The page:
The Federal Energy Regulatory Commission (FERC) has denied applications for Jordan Cove LNG and Pacific Connector Pipeline to construct and operate a major LNG export facility in Coos Bay and southwest Oregon. Crag has worked for years with client Oregon Shores Conservation Coalition and a broad group of impacted landowners and conservation groups to oppose this project. In determining whether to approve this type of project, FERC must balance the public benefits of a proposed project against the potential adverse consequences. In a monumental decision, FERC found that the “generalized allegations of need proffered by Pacific Connector do not outweigh the potential for adverse impact on landowners and communities.” And without the gas pipeline to serve the Jordan Cove LNG export terminal, “authorizing its construction would be inconsistent with the public interest.”
Jordan Cove requested FERC authority to construct and operate an LNG export terminal on Coos Bay, that would have the capacity to produce about six million metric tons per year of LNG, using feed stock of about 0.9 billion cubic feet per day of natural gas, for shipment to nations around the Pacific Rim. Pacific Connector requested a certificate of public convenience and necessity from the FERC authorizing the construction and operation of a pipeline between the Malin Hub in Klamath County, Oregon and the Jordan Cove terminal on Coos Bay in Coos County, Oregon.
Construction would require a 230-mile long, 95-foot wide clearcut across fire-prone forests and private lands in southwest Oregon to carry fracked gas from the interior west and Canada to the proposed Jordan Cove export terminal on the north spit of Coos Bay, where it would be super-cooled, liquefied, and placed in large tankers for shipment overseas. The potentially explosive facilities would be located on of one of the most dangerous earthquake and tsunami zones in North America. The proposed route would impact nearly 400 waterways, including the Klamath, Rogue, Umpqua, Coquille and Coos Rivers, and threaten the continued viability of wildlife species such as salmon, northern spotted owls, and marbled murrelets.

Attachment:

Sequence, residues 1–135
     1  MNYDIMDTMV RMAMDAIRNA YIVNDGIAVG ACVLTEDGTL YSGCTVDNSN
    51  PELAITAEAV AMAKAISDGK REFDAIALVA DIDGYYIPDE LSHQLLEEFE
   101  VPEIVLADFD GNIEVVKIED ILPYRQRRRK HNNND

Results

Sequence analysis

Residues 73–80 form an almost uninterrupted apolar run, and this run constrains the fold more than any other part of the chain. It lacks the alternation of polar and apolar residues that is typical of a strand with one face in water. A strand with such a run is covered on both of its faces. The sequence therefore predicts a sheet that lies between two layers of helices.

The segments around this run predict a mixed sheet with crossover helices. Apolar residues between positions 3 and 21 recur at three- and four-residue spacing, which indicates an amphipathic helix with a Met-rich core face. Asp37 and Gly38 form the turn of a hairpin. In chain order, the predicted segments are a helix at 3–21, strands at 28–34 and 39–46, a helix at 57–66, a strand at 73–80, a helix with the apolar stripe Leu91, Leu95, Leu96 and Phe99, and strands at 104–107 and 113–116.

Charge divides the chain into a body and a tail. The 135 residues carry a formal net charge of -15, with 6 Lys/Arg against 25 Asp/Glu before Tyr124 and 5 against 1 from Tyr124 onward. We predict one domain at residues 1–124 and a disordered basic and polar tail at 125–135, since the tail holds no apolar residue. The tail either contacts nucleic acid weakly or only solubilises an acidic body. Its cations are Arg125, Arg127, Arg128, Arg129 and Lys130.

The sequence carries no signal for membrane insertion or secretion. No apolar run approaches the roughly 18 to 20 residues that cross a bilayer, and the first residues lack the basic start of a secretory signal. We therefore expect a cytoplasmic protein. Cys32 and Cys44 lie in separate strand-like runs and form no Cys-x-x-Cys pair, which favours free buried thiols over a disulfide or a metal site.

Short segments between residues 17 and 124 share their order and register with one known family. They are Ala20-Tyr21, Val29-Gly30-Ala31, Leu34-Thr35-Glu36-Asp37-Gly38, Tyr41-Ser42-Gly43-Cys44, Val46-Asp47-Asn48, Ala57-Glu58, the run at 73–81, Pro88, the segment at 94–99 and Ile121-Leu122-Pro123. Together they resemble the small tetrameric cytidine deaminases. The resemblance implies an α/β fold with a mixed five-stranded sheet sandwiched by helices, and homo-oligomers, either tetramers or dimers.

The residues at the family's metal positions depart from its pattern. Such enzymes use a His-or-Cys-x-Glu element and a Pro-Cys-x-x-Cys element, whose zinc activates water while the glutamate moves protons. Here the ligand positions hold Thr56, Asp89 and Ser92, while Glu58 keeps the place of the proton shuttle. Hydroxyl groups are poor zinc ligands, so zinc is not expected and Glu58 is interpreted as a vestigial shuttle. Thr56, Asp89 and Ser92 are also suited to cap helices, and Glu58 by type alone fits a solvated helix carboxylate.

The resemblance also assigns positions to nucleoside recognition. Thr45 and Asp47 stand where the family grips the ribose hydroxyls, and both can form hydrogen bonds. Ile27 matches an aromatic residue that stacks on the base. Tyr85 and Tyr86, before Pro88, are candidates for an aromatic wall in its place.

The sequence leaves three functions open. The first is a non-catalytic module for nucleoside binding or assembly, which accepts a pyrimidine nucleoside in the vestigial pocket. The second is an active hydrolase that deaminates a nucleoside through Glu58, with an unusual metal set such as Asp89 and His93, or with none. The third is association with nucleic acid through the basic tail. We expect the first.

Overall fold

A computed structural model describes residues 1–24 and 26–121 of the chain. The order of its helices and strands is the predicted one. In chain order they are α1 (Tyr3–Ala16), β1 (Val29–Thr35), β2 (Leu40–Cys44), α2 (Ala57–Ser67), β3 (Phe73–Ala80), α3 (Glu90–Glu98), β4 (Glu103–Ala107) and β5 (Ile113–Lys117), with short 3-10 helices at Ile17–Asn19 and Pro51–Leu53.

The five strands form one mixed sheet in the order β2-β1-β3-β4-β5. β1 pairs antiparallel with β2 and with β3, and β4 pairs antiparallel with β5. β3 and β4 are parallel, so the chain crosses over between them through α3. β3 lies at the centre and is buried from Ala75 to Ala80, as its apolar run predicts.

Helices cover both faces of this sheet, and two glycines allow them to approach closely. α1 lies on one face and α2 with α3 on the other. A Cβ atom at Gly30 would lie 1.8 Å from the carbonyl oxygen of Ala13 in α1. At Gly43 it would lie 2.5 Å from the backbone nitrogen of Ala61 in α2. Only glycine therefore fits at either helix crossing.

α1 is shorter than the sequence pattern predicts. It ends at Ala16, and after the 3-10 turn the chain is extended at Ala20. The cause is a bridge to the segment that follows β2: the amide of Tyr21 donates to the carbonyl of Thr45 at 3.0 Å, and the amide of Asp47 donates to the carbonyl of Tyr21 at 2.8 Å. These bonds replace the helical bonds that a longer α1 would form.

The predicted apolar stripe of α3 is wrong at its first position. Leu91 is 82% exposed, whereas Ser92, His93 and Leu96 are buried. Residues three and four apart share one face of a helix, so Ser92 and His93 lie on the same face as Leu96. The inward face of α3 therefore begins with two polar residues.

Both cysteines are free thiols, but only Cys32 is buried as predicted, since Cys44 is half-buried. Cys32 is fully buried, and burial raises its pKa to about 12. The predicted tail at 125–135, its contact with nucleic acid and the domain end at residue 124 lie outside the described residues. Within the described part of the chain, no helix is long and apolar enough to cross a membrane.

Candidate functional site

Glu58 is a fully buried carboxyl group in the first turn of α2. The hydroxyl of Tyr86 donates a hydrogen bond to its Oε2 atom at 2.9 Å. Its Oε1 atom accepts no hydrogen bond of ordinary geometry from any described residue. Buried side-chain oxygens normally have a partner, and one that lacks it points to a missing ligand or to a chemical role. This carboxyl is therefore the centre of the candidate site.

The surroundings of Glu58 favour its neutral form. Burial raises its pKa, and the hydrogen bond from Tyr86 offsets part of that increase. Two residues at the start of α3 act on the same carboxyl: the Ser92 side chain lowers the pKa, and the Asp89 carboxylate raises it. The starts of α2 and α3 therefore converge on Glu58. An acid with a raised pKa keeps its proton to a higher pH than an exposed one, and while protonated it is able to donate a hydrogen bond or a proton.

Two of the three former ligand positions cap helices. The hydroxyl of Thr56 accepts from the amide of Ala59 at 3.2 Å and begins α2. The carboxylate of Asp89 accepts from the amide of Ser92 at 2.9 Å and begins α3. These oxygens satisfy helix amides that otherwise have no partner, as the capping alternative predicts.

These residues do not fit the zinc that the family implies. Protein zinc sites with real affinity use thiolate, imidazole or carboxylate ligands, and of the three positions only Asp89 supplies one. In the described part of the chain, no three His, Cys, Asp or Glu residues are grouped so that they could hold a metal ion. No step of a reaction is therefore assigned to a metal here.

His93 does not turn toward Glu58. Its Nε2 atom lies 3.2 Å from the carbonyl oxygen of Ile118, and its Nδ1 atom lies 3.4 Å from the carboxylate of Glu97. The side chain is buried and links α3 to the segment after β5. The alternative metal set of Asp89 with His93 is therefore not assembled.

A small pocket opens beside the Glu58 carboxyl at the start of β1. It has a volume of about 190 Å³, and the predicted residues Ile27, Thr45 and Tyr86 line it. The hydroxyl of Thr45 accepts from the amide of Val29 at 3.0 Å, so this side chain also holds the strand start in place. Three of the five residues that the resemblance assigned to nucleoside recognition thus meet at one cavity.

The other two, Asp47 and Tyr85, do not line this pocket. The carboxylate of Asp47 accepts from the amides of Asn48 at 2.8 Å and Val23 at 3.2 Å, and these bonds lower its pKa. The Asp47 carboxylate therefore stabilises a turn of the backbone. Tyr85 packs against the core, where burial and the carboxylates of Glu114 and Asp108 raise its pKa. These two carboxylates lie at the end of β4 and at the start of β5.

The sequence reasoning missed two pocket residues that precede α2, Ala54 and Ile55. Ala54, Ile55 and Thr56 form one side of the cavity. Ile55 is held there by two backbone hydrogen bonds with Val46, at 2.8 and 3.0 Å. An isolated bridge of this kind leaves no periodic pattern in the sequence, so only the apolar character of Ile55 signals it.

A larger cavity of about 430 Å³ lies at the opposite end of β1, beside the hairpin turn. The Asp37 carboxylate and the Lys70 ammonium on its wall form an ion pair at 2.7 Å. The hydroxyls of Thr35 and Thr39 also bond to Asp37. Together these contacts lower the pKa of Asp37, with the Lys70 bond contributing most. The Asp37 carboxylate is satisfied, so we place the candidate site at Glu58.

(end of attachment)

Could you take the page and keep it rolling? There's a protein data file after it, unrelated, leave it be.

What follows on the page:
The Jordan Cove facility would also be a significant source of greenhouse gases that contribute to climate change, pouring more than 30 million tons of carbon dioxide equivalent per year into the atmosphere, including emissions from the power plant, leakage from fracking sites, and the burning of the gas at the final destinations in Asia.
FERC’s decision focused on the negative impacts to affected landowners and the absence of any evidence of public benefit from the project. While environmental impacts were not reached in the decision, Crag is thrilled to know that communities, sensitive waterways, and individuals are safe from this destructive energy project.
Read the full order here: FERC Order 3.11.16